Although the camps had previously been reported as early as 2015, this was our first proper look inside one. It was like turning back the planet’s clock to the darkest days of the slave trade.
The video was so explosive that it triggered direct action in Europe and Africa. The EU and AU (African Union) met this Thursday to agree to a mass evacuation plan that would see up to 15,000 migrants rescued from Libya and repatriated to their home countries.
It also led Emmanuel Macron to pledge a €44 billion “Marshall Plan” to end the desperate conditions of North Africa’s migrants. From being a pair of paper tigers, the EU and AU may have finally been spurred to actually fight for something.
2 Pakistan’s Government Gave In To Mob Rule
For weeks, protesters have been kicking up a storm in cities across Pakistan against Law Minister Zahid Hamid. On Saturday, those protests turned deadly. Protesters attacked the police, resulting in six deaths and 200 injuries. Islamabad became a war zone.
So, what was Hamid’s crime? What draconian law did this government minister pass that made the population crazy with anger?
The answer is at once far more pathetic and far more terrifying than some dumb new law. Hamid was in charge of revising the country’s electoral oath. In the newly published version, he accidentally left out a reference to Muhammad. For this typo, Pakistan was pushed to the brink of a political crisis that nearly saw its government fall.
To call this crazy would be an understatement. Pakistan is a nuclear state now being pushed to and fro by the whims of demented Islamists. The only reason this crisis didn’t bring down the government was because Islamabad caved completely. Hamid resigned. Arrested protesters were freed. The government agreed to pay for all the cleanup of the riots. The protesters—who had murdered a policeman—got everything they wanted.
A complicating factor is Pakistan’s military, the power behind the throne. They are thought to frequently mobilize Islamists to keep civilian governments in place. On Wednesday, footage emerged of a Pakistani general handing out money to protesters and promising to get their arrested comrades released. It seems likely that the military engineered this crisis for its own murky ends.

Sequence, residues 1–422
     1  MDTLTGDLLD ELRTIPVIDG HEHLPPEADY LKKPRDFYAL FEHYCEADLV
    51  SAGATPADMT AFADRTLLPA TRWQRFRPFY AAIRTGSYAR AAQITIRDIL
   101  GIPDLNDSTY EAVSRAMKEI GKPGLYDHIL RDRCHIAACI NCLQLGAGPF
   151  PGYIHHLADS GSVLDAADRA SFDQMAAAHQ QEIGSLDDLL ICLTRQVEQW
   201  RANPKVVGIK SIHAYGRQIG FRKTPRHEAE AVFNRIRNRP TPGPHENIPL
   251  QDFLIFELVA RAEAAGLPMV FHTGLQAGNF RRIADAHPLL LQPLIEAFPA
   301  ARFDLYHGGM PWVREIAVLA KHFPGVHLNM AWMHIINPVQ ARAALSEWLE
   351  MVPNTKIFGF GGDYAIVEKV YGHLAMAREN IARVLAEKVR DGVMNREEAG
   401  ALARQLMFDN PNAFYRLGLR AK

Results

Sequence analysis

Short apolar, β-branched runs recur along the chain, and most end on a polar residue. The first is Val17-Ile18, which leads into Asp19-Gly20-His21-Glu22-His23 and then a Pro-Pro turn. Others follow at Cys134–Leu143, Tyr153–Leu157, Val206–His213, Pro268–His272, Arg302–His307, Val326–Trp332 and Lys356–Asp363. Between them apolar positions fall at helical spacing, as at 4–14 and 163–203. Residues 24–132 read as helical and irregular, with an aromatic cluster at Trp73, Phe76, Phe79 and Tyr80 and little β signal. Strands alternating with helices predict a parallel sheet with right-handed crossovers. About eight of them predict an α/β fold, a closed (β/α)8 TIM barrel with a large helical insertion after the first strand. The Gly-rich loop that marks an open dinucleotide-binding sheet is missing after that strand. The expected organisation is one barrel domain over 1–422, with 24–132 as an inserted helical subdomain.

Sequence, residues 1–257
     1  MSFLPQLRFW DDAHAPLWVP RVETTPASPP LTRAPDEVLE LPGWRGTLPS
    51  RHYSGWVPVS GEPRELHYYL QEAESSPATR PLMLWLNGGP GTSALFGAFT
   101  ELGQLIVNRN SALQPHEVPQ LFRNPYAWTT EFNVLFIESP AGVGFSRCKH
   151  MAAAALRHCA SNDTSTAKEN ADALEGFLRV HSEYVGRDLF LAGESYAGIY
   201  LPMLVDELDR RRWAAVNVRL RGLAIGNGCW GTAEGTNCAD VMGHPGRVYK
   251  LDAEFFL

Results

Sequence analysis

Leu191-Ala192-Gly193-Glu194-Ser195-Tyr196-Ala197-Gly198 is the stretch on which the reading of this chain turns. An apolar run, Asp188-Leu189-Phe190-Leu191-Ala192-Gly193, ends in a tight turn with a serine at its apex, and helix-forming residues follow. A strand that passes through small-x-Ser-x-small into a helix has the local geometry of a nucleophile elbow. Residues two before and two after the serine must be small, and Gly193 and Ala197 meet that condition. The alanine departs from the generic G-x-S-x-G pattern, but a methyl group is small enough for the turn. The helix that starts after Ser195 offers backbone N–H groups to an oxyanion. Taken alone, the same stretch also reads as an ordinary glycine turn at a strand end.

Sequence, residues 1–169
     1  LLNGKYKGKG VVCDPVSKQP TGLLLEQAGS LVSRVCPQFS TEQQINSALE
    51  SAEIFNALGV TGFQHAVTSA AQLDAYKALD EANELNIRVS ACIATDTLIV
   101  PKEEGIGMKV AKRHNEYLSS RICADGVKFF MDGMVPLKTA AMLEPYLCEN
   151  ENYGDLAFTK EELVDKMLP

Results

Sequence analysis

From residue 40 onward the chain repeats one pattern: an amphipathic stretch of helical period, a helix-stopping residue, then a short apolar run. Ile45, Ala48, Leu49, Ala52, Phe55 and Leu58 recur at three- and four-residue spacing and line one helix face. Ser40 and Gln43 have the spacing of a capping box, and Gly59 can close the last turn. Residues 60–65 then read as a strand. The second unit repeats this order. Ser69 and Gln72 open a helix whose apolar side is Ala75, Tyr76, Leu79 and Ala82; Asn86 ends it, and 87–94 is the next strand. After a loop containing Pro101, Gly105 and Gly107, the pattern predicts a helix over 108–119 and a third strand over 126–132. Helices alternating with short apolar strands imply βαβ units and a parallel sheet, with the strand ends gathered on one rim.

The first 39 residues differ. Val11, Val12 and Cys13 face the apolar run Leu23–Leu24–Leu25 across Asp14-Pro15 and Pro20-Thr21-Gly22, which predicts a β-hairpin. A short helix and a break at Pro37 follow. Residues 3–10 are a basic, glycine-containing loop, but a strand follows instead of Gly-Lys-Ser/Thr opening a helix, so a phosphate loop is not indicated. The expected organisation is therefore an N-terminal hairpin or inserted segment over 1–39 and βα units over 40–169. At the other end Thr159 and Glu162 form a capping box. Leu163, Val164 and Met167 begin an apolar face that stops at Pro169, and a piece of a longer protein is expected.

1 North Korea Tested A Missile Capable of Hitting . . . Everywhere
The memes might suggest otherwise, but North Korea stopped being funny a long time ago. Under bloated despot Kim Jong Un, the Hermit Kingdom has tested increasingly powerful nuclear bombs and guided missiles.
In July, Pyongyang tested a missile that could hit Alaska. In August, it tested another missile that could hit New York City. This week, the regime hit one of its long-term goals. It successfully tested a rocket that could hit any part of the mainland US.
Again, we haven’t reached full-blown panic time yet. But we’re getting closer. In August 2017, a US intelligence assessment determined that Pyongyang has the ability to miniaturize a warhead to fit on their missiles. Still, North Korea has some significant hurdles to clear—such as reentry—before it can actually bomb the US. All signs currently point to DPRK missiles breaking up as they plunge back to Earth.
Like it or not, Pyongyang is now clearly in a flat-out dash for the nuclear finish line. Two years ago, the idea that North Korea might one day build an ICBM would have been laughable. Given recent history, it seems unwise to underestimate Kim once again. What we can actually do about it, though, is a question we sadly can’t answer.